Workplace Culture

Should White People Do Diversity Work?

By Susana Rinderle

Mar. 2, 2016

WF_WebSite_BlogHeaders-12As a multilingual, culturally and racially ambiguous woman who’s been doing some form of diversity work for almost 25 years, I occasionally find myself having awkward conversations with potential clients about my identity. These conversations involve questions like, “Are you diverse?” or “Wait, you’re white?” or statements like “Thank you, but we’re looking for a ‘diverse’ person.” Given the growing attention that race is getting in the broader media, it’s time to frankly discuss an underlying question that often plagues the diversity and inclusion field: Should white people do diversity work?

I say yes. Here’s why:

  • When only people of color do diversity work, this gives the false impression that diversity is only about, and for, people of color.D&I is about, and for, everyone, without exception. Multiple studies have shown that diversity, plus inclusiveness, is essential to excellence, innovation and high performance — including one demonstrating that the mere presence of people of color improves group results.
  • White people are the ones that most need diversity work, and we tend to most trust and believe other white people.Whites are still the numerical majority in the U.S., and we’re the disproportionate majority holding power positions in government, business, education, health care and media. We are the ones that need to change the way we do things, and because humans evolved over millennia to function in small groups of similar people, our brains — like it or not — lend more credibility to people who look like us.

Beyond the question of whether white people should do diversity work is an even more provocative question — can we? I’ve heard about, and witnessed, situations where diversity work conducted by white people went wrong in ways that were ineffective at best, and horribly damaging at worst. To this question, I say it depends on the following:

  • What brings the white person to diversity work?For people of color, diversity work is usually intensely personal. If a white person comes to D&I with a purely intellectual mindset or a goal to change or help someone else, they might miss the mark. If they jumped on the bandwagon a couple years ago when unconscious bias training became chic, they might not have the commitment or broad knowledge necessary to be effective. Like many white allies, I come to the work from a decades-long commitment to dismantling racism because of painful childhood incidents I both experienced and witnessed. While my pain doesn’t equal that of a person of color’s daily experience, and I acknowledge I have the white privilege of walking away any time I want, I’m dedicated to doing my part to prevent more people from having their humanity denied and gifts crushed just because of the bodies they inhabit.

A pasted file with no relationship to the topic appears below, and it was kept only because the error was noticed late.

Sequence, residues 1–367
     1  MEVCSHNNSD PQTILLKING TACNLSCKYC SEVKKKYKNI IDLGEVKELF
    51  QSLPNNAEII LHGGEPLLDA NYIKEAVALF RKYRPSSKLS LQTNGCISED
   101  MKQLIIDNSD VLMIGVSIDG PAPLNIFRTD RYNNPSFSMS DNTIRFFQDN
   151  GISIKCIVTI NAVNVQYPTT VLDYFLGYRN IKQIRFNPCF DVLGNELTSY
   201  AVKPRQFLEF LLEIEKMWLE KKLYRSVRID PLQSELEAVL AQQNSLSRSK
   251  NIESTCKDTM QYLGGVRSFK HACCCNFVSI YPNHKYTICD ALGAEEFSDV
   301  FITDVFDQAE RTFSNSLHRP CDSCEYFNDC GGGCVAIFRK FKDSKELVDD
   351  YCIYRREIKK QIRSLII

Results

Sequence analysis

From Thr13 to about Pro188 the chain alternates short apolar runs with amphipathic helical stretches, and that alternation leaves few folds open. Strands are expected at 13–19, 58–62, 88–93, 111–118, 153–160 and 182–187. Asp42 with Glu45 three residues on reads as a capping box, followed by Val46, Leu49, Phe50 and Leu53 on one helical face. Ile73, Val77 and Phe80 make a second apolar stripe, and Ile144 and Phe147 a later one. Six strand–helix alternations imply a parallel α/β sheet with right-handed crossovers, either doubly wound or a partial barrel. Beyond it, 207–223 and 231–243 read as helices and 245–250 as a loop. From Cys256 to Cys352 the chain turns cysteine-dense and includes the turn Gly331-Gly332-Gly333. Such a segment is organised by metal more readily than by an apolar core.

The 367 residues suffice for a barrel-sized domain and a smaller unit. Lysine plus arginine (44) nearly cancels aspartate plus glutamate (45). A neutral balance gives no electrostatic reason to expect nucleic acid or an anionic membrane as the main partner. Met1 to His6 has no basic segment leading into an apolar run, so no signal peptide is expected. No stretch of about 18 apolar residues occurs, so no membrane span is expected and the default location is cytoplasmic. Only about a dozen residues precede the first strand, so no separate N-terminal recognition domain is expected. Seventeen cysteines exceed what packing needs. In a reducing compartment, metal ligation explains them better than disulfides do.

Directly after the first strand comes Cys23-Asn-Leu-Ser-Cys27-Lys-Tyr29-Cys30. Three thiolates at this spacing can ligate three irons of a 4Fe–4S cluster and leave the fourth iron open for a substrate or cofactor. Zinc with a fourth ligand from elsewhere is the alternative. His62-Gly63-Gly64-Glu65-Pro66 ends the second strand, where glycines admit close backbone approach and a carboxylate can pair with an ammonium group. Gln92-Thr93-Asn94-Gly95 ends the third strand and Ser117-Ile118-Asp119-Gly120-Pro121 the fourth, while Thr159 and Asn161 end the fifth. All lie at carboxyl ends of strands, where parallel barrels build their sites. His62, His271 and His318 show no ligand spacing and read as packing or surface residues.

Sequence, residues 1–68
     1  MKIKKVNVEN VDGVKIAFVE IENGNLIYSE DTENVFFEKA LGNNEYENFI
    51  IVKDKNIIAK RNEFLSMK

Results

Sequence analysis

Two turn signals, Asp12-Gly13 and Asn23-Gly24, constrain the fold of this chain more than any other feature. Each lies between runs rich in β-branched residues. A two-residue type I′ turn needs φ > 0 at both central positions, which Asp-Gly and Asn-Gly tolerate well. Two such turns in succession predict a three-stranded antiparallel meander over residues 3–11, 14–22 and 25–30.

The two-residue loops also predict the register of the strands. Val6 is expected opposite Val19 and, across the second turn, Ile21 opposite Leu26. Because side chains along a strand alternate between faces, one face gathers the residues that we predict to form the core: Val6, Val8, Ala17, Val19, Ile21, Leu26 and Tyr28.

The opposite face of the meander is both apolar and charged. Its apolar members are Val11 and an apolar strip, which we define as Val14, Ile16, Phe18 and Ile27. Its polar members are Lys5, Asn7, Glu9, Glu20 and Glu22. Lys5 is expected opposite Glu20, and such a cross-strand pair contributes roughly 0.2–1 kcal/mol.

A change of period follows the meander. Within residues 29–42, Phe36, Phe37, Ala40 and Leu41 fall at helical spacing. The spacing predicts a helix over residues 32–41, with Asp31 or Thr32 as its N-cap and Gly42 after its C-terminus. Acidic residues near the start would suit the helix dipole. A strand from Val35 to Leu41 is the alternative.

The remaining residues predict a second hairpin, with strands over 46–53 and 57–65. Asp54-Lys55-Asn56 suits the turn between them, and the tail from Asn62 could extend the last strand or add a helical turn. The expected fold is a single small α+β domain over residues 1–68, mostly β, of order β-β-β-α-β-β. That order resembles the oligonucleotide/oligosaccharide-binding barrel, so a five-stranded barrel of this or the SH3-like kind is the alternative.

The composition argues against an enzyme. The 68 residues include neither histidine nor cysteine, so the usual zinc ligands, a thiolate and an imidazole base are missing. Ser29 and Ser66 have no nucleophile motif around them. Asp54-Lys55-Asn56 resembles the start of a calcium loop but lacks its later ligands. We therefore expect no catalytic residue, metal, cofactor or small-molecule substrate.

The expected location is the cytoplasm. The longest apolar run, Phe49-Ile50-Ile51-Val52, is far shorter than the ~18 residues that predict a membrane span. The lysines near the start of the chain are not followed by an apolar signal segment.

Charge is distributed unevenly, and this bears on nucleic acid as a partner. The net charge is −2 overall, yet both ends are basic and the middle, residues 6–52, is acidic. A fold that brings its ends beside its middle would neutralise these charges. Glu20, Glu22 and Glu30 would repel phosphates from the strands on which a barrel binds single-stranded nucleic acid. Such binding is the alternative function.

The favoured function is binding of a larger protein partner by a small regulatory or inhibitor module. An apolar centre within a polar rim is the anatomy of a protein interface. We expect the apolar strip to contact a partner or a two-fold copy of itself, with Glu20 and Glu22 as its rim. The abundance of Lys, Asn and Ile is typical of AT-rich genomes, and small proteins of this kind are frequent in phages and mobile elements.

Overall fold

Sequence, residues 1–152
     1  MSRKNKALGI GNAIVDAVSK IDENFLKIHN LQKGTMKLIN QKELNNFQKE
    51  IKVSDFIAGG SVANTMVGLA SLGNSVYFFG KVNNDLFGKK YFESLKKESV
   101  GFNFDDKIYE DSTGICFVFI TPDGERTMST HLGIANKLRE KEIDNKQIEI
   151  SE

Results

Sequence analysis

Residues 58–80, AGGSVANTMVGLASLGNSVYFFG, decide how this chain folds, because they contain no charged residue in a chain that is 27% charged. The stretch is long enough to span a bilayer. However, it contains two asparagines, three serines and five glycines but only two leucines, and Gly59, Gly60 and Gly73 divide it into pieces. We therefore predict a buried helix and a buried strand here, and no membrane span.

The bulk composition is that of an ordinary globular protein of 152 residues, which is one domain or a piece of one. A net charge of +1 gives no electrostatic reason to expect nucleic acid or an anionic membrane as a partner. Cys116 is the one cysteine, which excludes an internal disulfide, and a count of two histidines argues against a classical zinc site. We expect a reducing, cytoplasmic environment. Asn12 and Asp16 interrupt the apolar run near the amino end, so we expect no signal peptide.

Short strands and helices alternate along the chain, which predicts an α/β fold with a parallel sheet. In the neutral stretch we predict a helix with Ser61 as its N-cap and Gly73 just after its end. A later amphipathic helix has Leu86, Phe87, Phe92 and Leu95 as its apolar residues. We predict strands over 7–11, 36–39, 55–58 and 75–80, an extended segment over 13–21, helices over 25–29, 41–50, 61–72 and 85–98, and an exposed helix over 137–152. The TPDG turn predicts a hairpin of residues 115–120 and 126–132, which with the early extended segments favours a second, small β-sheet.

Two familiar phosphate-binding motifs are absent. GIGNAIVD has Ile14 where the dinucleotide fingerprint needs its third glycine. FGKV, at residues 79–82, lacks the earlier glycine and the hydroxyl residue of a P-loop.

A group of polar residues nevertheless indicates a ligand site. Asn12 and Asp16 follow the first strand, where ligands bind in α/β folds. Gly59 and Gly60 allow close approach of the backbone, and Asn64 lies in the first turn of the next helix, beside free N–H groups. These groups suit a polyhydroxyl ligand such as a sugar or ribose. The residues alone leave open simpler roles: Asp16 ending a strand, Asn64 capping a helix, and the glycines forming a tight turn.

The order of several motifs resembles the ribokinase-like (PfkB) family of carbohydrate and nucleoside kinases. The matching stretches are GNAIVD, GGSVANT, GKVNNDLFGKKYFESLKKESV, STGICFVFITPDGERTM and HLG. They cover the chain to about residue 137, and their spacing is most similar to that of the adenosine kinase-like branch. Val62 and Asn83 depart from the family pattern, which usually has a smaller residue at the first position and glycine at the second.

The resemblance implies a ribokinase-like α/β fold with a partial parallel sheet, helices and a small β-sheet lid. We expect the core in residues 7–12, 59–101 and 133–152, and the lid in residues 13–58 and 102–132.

• How much does the white person know, own and use their various identities?Every human being has multiple identities that situate them both inside, and outside, power structures. Straight black men face racism, but enjoy male and heteronormative privilege. I enjoy white privilege, but have faced sexism and classism. Some of my white colleagues face homophobia, transphobia, xenophobia or ableism. White people doing effective diversity work own, check and use their white privilege for positive change. They step into and out of their various identities to connect with diverse people, or to make powerful points during effective diversity training.
  • How much personal work has the white person done?The most effective D&I professionals of any race or ethnicity do ongoing personal work. They build awareness of their biases and privilege and actively mitigate their harmful effects. They strive to know their personal and cultural history, strengths and weaknesses. They constantly seek and incorporate feedback, even if they don’t like how it’s offered. They build their emotional resilience, emotional intelligence and critical thinking skills. They strive to be in integrity with the work, even when they’re not working. They are curious, good humored and nimble with people. They take care of themselves and have healthy boundaries. This is a tall order for anyone, but especially for white people because doing personal work also requires unlearning what we’ve been taught: that we know everything, that we have a right to always speak and take up space, and that others must cater to our feelings. White people doing effective D&I work aren’t perfect, but embody the changes most want to see in our workforce and leadership.
  • What will best meet the needs or goals of your organization or team? I speak Spanish better than most U.S.-born Latinos and pass for Hispanic all the time. I’ve lived, worked and traveled extensively abroad, including in developing nations. I’ve experienced many challenges because of my nondominant identities, many of which are invisible. I can present D&I concepts in an engaging way that creates lasting breakthroughs. Yet, none of that matters if what will best serve an organization is a person with a brown or black face, or the lived experience of a person of color in the U.S. Part of being a white person doing diversity work is to acknowledge that much of the time, no matter what qualifications or street cred we bring, we’re not always the right person for the job, and we’re not entitled to dominate the D&I field. If indeed we’re here to co-create a world that works for everyone, the least we can do when we hear “no” is to move on and be grateful yet another person of color is hearing “yes.”
Susana Rinderle is a principal consultant with Korn Ferry, and a coach, speaker, author and diversity & inclusion expert. Comment below or email

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